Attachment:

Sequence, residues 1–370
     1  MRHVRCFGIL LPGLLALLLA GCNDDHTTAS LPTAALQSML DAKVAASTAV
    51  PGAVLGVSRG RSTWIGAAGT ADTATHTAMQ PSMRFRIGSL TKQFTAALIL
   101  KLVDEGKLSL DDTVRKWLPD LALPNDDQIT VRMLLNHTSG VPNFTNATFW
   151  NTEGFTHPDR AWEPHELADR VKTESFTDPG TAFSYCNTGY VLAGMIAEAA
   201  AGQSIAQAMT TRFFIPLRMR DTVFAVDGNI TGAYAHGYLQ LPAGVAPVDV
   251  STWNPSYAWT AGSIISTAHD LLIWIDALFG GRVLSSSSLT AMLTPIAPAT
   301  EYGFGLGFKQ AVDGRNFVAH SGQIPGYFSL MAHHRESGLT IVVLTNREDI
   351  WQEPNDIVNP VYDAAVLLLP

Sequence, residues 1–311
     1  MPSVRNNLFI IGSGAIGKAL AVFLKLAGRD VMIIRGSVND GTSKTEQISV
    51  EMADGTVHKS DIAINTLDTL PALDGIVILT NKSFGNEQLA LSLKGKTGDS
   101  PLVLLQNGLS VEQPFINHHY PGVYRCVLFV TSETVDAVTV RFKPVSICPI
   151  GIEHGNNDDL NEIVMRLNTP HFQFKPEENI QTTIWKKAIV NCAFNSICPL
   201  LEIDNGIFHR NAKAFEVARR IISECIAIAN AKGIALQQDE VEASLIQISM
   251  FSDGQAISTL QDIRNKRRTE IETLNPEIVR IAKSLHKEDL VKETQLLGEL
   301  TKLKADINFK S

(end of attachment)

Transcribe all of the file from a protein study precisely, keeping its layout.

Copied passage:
Sequence, residues 1–370
     1  MRHVRCFGIL LPGLLALLLA GCNDDHTTAS LPTAALQSML DAKVAASTAV
    51  PGAVLGVSRG RSTWIGAAGT ADTATHTAMQ PSMRFRIGSL TKQFTAALIL
   101  KLVDEGKLSL DDTVRKWLPD LALPNDDQIT VRMLLNHTSG VPNFTNATFW
   151  NTEGFTHPDR AWEPHELADR VKTESFTDPG TAFSYCNTGY VLAGMIAEAA
   201  AGQSIAQAMT TRFFIPLRMR DTVFAVDGNI TGAYAHGYLQ LPAGVAPVDV
   251  STWNPSYAWT AGSIISTAHD LLIWIDALFG GRVLSSSSLT AMLTPIAPAT
   301  EYGFGLGFKQ AVDGRNFVAH SGQIPGYFSL MAHHRESGLT IVVLTNREDI
   351  WQEPNDIVNP VYDAAVLLLP

Sequence, residues 1–311
     1  MPSVRNNLFI IGSGAIGKAL AVFLKLAGRD VMIIRGSVND GTSKTEQISV
    51  EMADGTVHKS DIAINTLDTL PALDGIVILT NKSFGNEQLA LSLKGKTGDS
   101  PLVLLQNGLS VEQPFINHHY PGVYRCVLFV TSETVDAVTV RFKPVSICPI
   151  GIEHGNNDDL NEIVMRLNTP HFQFKPEENI QTTIWKKAIV NCAFNSICPL
   201  LEIDNGIFHR NAKAFEVARR IISECIAIAN AKGIALQQDE VEASLIQISM
   251  FSDGQAISTL QDIRNKRRTE IETLNPEIVR IAKSLHKEDL VKETQLLGEL
   301  TKLKADINFK S